British missionaries and Civil Servants were the first to bring the Buddhist heritage of Sri Lanka to the attention of the modern world. Within nine years of the Kandyan Convention, Benjamin Clough published his A Compendious Pali Grammar in London.
When the pioneering epigraphist James Princep and scholars in India were in a quandary over identifying Devanapiya in Asokan inscriptions, George Turnour, the Government Agent of Hambantota, discovered the Sri Lankan chronicle Mahavamsa in the Mulgirigala temple and enlightened them. Not only did he publish it with an English translation in 1836 but appended to it a comprehensive survey of the Pali literature.
Buddhist scriptures in Pali came to be studied by Christian missionaries and their early translations like that of the Sigalovadasutta, RatthapalasuttaandDhammacakkappavattanasutta by D. J. Gogerley from 1846 raised the prestige of Buddhism among the intellectuals. It was no longer a pagan religion confused with devil-dancing and superstition.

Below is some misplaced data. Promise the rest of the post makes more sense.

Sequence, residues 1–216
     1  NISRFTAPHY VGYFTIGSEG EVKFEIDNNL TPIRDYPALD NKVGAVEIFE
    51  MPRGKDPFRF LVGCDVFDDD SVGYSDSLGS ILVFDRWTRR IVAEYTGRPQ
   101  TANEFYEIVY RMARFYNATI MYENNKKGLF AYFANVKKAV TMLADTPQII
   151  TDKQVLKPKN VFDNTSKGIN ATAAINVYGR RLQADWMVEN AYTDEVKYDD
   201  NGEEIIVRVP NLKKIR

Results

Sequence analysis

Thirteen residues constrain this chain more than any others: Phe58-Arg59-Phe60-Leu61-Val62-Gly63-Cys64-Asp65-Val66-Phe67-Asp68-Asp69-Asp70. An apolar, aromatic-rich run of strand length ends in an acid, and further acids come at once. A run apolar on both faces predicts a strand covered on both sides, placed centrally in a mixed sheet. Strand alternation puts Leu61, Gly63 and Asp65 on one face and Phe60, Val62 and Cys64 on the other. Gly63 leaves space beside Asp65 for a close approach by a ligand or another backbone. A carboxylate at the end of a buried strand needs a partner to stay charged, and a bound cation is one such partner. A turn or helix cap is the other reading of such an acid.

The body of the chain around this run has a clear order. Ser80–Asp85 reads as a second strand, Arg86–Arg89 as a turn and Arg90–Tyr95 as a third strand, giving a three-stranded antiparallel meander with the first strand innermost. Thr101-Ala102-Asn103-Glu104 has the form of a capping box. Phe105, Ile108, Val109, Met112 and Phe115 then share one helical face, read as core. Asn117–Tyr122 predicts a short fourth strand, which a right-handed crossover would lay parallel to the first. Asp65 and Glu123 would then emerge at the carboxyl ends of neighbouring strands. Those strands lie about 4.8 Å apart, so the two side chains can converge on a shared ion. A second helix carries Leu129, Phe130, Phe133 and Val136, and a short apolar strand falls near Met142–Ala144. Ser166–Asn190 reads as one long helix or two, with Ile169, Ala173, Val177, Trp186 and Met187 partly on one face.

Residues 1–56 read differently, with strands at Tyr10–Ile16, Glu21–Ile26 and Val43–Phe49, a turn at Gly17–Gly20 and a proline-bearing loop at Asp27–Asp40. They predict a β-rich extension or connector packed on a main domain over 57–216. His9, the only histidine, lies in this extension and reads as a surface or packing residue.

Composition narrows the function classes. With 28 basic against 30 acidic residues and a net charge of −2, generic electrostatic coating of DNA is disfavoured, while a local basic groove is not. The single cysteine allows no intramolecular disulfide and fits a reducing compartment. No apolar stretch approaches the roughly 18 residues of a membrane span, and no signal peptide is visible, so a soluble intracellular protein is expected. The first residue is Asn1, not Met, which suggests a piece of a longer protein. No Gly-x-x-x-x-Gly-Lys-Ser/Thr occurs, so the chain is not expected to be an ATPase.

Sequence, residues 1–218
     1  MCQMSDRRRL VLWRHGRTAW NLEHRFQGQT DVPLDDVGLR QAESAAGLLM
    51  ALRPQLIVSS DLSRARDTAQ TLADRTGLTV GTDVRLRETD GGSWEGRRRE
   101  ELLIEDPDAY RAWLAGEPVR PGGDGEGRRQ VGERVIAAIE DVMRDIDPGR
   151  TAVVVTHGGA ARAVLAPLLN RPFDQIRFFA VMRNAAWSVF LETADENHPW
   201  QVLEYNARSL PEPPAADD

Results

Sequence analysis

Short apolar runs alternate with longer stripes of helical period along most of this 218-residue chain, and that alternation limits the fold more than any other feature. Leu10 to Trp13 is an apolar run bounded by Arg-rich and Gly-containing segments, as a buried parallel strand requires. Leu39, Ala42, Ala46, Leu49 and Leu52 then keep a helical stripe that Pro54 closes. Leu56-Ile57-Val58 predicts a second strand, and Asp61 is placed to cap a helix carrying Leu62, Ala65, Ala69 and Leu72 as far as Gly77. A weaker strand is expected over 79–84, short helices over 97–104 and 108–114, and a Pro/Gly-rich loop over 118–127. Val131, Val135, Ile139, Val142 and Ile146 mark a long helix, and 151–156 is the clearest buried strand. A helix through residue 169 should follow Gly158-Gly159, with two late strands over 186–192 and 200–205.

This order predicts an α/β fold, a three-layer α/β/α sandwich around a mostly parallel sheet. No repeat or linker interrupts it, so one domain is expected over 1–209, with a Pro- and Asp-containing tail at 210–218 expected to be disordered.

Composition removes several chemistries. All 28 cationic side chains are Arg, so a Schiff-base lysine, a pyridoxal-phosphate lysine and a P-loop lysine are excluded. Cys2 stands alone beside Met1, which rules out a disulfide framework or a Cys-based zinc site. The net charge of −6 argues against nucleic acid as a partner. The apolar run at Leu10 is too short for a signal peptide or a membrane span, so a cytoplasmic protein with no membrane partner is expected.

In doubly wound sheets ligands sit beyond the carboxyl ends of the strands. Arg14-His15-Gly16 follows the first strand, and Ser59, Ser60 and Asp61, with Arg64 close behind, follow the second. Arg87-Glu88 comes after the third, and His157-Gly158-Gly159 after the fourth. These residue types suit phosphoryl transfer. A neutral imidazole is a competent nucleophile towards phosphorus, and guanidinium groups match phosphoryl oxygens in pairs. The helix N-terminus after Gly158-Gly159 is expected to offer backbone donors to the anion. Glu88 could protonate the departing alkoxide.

The rule that officers sent from England to administer the colony should acquire an in-depth knowledge of the language and culture of the Island brought them into close contact enterprising Buddhist monks like YatramulleDhammarama, DodanduwePiyaratanatissa, Hikkaduwe Sri Sumangala, Weligama Sri Sumangala, Waskaduwe Sri Subhuti and AlutgamaSeelakkhandha. Many of these officers became promoters of Pali and Buddhist scholarship not only in Sri Lanka but also in the world as a whole.
The most remarkable of them are Robert C. Childers who published the first ever Pali English dictionary in 1875 in London and T. W. Rhys Davids, who excelled as the father of Buddhist Studies as a university discipline in not only England but in the West as a whole. The founding of the Pali Text Society of London in 1881 remains undoubtedly his most durable contribution.
In their wake came the contributions of ViggoFausboll of Denmark, RheinholdRost and Lord Chalmers of Britain, Herman Oldenberg and Wilhelm Geiger of Germany, Edmund Hardy of Switzerland and J. Minayeff of Russia.
It is interesting to note that the scholar-monks who came into close contact with the British Civil Servants were the dominant activists of the Buddhist Revival Movement. On the one hand, it began with the public debates between them and the Christian missionaries. The Debate of Panadura of 1873 brought